CPU Microcode

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Processor manufacturers release stability and security updates to the processor microcode. While microcode is usually updated through the BIOS, not all vendors will release timely updates for their firmware, and most users don't update their system firmware in a timely fashion (or at all) anyway. The Linux kernel is also able to apply these updates during boot. These updates provide bug fixes that can be critical to the stability of your system. Without these updates, you may experience spurious crashes or unexpected system halts that can be difficult to track down.

Users of CPUs belonging to the Intel Haswell and Broadwell processor families in particular must install these microcode updates to ensure system stability but all Intel users should install microcode updates as a matter of course.

Use the inxi command to determine which CPU/family your system has.

[terry@xxxxx ~]$ inxi -xC
CPU:       Quad core Intel Core i7-2600K (-HT-MCP-) arch: Sandy Bridge rev.7  cache: 8192 KB
           flags: (lm nx sse sse2 sse3 sse4_1 sse4_2 ssse3 vmx) bmips: 27290
           clock speeds: max: 3800 MHz 1: 1600 MHz 2: 1599 MHz 3: 1599 MHz 4: 1599 MHz 5: 1601 MHz 6: 2050 MHz
           7: 1606 MHz 8: 1677 MHz

Microcode updates are lost after hard-reset or power off and so must be reapplied at every boot and after the system wakes up from suspend to RAM or to disk. The procedure outlined below explains how to use the early microcode update driver in the kernel to apply microcode updates on each system boot.

Installation

The actual microcode update files are included in the kernel-firmware-extra package. This package should be installed and kept up-to-date as part of the the normal apt/Synaptic update process

To enable the microcode update, users should install iucode-tool package and then use the following command in a root terminal to generate an initrd image which can be loaded by the bootloader to update the microcode.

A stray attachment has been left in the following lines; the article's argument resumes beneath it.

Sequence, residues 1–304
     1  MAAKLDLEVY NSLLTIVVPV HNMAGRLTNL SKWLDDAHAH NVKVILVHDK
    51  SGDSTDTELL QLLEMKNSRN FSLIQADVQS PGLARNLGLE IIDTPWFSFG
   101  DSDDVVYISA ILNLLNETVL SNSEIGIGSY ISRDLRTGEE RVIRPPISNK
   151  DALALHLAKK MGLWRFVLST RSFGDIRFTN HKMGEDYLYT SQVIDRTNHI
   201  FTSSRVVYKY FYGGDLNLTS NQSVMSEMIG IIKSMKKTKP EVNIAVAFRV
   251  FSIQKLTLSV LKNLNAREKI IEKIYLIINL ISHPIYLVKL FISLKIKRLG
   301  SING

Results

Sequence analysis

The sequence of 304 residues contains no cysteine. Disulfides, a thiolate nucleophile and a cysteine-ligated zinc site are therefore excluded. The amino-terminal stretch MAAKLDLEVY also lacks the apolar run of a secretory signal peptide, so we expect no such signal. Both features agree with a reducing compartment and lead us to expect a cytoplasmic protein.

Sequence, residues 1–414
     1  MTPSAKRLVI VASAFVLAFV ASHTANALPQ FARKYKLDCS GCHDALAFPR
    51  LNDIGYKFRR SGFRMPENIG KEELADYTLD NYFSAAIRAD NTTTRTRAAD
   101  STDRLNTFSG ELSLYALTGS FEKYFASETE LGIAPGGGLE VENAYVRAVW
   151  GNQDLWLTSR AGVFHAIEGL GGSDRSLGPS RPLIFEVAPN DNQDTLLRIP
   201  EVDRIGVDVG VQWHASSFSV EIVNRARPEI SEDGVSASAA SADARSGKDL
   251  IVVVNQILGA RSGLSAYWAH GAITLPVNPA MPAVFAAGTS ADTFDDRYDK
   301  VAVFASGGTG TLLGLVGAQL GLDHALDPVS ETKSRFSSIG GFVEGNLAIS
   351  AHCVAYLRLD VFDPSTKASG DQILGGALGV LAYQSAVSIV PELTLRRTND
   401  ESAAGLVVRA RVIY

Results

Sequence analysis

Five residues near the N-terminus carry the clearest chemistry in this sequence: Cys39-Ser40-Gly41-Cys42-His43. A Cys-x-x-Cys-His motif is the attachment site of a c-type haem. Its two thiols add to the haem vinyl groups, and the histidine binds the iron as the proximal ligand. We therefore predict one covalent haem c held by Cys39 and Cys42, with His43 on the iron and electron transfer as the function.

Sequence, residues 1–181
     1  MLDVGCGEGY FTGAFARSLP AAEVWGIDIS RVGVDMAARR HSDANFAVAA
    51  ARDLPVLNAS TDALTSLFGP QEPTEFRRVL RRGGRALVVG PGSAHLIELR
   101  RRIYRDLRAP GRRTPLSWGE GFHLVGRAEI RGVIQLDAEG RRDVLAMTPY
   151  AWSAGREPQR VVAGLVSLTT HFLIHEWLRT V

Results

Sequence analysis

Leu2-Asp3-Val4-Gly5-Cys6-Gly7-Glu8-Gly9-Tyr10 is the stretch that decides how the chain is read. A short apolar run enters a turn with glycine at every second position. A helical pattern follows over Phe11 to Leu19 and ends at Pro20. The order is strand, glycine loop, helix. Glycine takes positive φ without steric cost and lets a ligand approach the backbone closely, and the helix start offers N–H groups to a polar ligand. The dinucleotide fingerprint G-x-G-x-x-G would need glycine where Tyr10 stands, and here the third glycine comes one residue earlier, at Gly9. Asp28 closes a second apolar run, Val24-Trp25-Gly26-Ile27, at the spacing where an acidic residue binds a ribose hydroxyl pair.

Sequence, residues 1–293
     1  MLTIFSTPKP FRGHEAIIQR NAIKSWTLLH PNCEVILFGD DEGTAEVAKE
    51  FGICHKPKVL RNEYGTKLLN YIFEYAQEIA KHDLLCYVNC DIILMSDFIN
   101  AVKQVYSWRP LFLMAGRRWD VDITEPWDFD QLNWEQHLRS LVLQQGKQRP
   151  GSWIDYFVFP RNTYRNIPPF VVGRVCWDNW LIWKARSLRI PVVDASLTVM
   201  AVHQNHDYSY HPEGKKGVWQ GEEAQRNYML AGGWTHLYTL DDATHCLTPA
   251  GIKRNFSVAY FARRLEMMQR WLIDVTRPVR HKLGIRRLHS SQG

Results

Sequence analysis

[root@xxxx x86_64]# iucode_tool -S --write-earlyfw=/boot/early_ucode.img /lib/firmware/intel-ucode/*
iucode_tool: system has processor(s) with signature 0x000206a7
iucode_tool: Writing selected microcodes to: /boot/early_ucode.img

Enabling microcode updates

Microcode is loaded by the bootloader by adding /boot/early_ucode.img as the first initrd in the bootloader config file. This is in addition to the normal initrd file.

For grub-legacy it can be added to the initrd line in the config file /boot/grub/menu.lst

title linux
kernel (hd0,6)/boot/vmlinuz BOOT_IMAGE=linux root=UUID=e9f56fb4-2348-41ae-94d3-b92f0ee541c8 
root (hd0,6)
initrd /boot/early_ucode.img /boot/initrd.img

Users of grub2 just need to run update-grub2 to generate the new config file

[root@xxxxx x86_64]# update-grub2
Generating grub configuration file ...
Found theme: /boot/grub2/themes/pclinuxos/theme.txt
Found linux image: /boot/vmlinuz-4.8.12-pclos1
Found initrd image: /boot/early_ucode.img  /boot/initrd-4.8.12-pclos1.img

Notice how the early_ucode.img has been added to the initrd line. If all looks good then reboot the system

Verifying that microcode got updated on boot

Use dmesg to check that the update has been applied successfully

[terry@xxxxx ~]$ dmesg | grep microcode
[    0.000000] microcode: microcode updated early to revision 0x29, date = 2013-06-12
[    0.890510] microcode: sig=0x206a7, pf=0x2, revision=0x29
[    0.890752] microcode: Microcode Update Driver: v2.01 <tigran@aivazian.fsnet.co.uk>, Peter Oruba

The first line shows that the update has been applied.

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